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Nevadans to consider five ballot questions – Part three

The Pahrump Valley Times is presenting a series detailing each of the five statewide ballot questions that voters will be tasked with deciding this November.

Part one, centered on the proposal to remove the Nevada State Board of Regents from the Nevada Constitution, was presented in the Sept. 18 edition of the Pahrump Valley Times. Part two, published Wednesday, Sept. 23, focused on the proposal to amend the state constitution’s definition of marriage to include same-sex marriage. Both can be viewed online at pvtimes.com

Board of Pardons

Should the governor of Nevada have complete control over pardons issued in the Silver State?

This is the central question for voters considering whether they will cast their vote in favor or against Nevada Statewide Ballot Question 3, which calls for changes to the provisions contained within the Nevada State Constitution governing the Nevada State Board of Pardons, a body comprised of the governor, each of the seven Nevada Supreme Court justices and the Nevada attorney general.

The proposed constitutional amendment would provide for the granting of pardons and other clemency decisions by a majority vote of the Board of Pardons, without requiring that the governor be present as part of that majority, as is currently mandated.

The amendment also proposes to have the required number of annual meetings of the Board of Pardons enshrined in the state constitution, rather than just in the Nevada Revised Statutes.

Finally, it would allow any member of the Board of Pardons to submit matters for the board’s consideration. As it sits today, the governor is the sole member of the Board of Pardons permitted to submit matters to the board.

As asserted by the argument in favor of passage, there is no justification in allowing the governor the authority to block an application that has been approved by a majority of the Board of Pardons members.

“The point of vesting clemency power in the board, as opposed to solely with the governor as some other states do, is to take advantage of the collective wisdom of the board,” the argument in favor reads. “Of the 21 states where this power rests with an executive or administrative board, Nevada is the only state where the governor has the power to block approval by a majority of the board.”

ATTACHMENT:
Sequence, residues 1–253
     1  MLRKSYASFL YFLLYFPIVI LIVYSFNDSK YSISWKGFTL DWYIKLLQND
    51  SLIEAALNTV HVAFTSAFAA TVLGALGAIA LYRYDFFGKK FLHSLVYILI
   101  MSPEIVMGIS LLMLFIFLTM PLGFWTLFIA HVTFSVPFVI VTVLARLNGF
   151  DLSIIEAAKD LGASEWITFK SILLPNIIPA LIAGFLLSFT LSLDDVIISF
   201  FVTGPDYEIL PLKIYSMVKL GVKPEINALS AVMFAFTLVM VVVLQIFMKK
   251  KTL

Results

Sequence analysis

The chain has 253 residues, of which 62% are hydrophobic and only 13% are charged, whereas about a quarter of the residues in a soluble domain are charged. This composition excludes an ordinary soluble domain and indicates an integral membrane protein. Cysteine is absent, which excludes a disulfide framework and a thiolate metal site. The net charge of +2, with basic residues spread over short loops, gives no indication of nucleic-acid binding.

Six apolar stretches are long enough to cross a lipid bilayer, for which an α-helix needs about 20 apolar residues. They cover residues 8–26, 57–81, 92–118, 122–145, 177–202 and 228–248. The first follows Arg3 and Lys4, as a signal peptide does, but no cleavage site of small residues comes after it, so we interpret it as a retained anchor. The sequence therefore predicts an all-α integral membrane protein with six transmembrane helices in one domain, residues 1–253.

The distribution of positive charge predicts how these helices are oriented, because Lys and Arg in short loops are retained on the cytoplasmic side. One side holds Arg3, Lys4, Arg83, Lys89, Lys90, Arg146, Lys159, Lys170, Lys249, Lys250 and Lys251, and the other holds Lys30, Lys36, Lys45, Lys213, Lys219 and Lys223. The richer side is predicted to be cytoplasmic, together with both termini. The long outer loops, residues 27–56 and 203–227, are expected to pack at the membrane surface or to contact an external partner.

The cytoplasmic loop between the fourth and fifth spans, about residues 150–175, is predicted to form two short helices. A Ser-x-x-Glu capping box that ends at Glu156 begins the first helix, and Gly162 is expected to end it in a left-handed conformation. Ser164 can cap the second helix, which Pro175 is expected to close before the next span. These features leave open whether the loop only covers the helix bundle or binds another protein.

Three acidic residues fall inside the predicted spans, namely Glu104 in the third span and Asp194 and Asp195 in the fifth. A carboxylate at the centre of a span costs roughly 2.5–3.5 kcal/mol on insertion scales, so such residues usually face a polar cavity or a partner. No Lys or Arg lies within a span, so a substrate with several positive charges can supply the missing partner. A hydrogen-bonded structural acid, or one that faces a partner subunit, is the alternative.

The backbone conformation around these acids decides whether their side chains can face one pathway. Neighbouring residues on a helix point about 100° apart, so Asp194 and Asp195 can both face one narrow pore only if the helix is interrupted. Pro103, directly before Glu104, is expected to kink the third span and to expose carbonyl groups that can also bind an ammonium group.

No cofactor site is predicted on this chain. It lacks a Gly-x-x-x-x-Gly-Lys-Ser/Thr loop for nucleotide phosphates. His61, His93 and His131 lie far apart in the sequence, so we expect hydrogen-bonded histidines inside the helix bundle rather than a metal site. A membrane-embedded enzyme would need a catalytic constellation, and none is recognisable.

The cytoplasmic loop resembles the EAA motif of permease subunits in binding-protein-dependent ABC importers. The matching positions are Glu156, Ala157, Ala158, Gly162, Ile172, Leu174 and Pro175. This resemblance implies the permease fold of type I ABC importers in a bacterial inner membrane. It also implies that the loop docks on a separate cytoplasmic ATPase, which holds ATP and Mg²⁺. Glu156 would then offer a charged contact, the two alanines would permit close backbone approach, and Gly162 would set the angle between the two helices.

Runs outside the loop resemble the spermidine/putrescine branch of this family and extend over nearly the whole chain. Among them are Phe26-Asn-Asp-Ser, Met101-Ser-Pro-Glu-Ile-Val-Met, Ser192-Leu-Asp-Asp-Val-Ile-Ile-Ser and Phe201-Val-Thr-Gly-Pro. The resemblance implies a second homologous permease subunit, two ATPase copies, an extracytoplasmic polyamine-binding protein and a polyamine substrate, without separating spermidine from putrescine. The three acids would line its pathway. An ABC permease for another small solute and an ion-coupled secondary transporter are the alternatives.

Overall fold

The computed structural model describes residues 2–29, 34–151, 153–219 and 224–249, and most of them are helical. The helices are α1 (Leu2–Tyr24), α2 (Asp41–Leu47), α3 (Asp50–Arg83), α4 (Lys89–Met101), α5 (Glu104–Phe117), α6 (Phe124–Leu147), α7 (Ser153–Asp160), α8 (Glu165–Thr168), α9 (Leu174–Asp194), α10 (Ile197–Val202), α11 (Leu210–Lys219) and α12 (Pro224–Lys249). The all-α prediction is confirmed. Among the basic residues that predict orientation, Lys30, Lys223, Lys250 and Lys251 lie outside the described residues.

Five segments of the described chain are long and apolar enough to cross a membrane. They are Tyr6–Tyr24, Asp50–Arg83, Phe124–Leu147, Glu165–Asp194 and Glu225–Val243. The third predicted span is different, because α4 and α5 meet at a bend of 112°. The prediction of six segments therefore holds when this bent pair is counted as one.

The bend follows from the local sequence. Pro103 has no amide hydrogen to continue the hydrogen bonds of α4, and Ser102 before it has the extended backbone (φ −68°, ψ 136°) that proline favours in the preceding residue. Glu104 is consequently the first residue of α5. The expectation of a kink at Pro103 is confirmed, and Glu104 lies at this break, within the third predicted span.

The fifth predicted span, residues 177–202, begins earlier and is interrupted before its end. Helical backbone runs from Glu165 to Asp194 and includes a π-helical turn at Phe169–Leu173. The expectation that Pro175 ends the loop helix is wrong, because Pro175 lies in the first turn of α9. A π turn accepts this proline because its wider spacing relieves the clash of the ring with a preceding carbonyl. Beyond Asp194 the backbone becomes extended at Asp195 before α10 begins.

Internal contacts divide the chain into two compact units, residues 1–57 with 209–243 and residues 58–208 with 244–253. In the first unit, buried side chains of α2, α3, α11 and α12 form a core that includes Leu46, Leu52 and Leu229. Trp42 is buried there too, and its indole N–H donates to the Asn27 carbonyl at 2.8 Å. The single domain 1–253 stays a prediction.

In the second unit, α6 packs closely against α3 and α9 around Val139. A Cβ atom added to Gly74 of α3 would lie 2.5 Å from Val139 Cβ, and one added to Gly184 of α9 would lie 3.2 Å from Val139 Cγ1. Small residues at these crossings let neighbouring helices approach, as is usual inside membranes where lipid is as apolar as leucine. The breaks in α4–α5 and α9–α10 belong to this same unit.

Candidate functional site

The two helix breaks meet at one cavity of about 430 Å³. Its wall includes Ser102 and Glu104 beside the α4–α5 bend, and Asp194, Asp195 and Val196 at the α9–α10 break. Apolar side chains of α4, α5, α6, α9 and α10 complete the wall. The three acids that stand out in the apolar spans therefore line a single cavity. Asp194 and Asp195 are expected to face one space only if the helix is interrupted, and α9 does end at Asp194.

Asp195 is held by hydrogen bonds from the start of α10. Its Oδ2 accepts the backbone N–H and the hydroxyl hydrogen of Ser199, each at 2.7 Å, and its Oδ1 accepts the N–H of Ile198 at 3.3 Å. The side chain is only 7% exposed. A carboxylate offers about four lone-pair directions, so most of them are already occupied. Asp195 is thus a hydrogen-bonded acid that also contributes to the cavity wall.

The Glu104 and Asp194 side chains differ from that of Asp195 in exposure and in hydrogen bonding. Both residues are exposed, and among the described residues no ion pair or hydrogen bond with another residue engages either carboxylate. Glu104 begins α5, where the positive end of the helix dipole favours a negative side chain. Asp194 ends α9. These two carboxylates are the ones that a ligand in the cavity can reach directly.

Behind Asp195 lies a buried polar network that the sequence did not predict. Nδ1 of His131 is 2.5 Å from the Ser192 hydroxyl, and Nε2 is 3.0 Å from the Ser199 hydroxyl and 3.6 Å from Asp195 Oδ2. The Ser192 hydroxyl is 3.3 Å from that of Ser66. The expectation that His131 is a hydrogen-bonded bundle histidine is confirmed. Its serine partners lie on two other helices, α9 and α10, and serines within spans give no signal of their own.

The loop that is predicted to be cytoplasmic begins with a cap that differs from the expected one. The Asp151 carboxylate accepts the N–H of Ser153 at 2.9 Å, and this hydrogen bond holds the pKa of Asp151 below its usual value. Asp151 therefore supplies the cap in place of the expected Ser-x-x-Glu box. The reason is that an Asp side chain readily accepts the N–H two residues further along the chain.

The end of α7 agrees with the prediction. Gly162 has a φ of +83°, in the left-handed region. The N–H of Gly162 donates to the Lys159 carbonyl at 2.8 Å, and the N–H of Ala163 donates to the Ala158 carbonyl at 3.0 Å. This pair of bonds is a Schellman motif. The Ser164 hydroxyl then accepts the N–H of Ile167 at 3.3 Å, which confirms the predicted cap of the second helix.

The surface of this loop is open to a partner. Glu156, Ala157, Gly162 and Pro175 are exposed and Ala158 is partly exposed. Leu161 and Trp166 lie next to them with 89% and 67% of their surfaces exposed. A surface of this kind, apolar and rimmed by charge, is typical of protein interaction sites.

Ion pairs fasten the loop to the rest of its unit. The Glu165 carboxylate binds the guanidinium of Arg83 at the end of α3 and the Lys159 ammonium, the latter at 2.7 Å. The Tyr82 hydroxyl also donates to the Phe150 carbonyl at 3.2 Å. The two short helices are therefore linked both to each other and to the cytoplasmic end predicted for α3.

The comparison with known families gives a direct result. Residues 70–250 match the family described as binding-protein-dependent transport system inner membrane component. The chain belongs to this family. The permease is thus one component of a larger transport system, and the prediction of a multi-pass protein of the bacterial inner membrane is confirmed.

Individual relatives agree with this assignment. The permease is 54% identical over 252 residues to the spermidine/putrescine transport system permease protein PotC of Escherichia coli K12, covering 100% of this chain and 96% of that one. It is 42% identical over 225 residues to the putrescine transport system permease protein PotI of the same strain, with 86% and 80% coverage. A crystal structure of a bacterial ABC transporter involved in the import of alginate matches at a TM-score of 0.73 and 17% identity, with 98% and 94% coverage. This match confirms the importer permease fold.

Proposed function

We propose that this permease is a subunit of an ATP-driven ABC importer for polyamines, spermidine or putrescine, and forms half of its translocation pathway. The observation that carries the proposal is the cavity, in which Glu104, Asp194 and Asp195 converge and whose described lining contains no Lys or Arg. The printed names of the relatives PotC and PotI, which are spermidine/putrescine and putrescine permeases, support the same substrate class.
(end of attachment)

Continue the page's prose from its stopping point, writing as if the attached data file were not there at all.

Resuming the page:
The constitutional amendment would also result in “a more timely and efficient” process by requiring the board of pardons to meet no less than four times per year, according to the argument for passage.

“Currently, the board is supposed to hold at least two meetings per year to review applications submitted by people petitioning to have a pardon granted, a sentence commuted, a fine or forfeiture remitted, or a civil right restored. However, in six out of the last 10 years, the board has only met once per year, creating a backlog of applications,” the argument for passage reads.

If Question 3 passes, the Board of Pardons would then be obliged to meet once per calendar quarter or else be in violation of the state constitution.

In addition, the argument in favor notes that the Board of Pardons is made up of elected officials who are well-qualified to make decisions regarding clemency and therefore, all should be permitted to propose matters for the board’s consideration.

The argument against passage, however, states that the powers of the governor would be diminished if every member of the board was able to submit matters for the board’s consideration.

It goes on to assert that giving the governor the sole authority to block clemency decisions is not uncommon, as such powers are granted to the governors of 29 other states.

“As the chief executive and the leader of our state, the governor rightly has the power to block the board’s decisions to grant clemency,” the argument in opposition states.

On the idea of creating a constitutional requirement for meetings to be held on a quarterly basis, the argument against contends that those who have been convicted of a crime and sentenced under Nevada law may be permitted to submit an application for clemency but they do not have a right to have their application reviewed, rendering the backlog of applications a moot point.

“Clemency is a privilege and an honor reserved for those who have demonstrated good behavior following a criminal conviction,” the argument against declares.

To review the digest as well as the full arguments in favor and against each ballot question on the 2020 general election ballot visit www.nvsos.gov and click on the “Elections” link, followed by the “2020 Petitions” link.

Contact reporter Robin Hebrock at rhebrock@pvtimes.com

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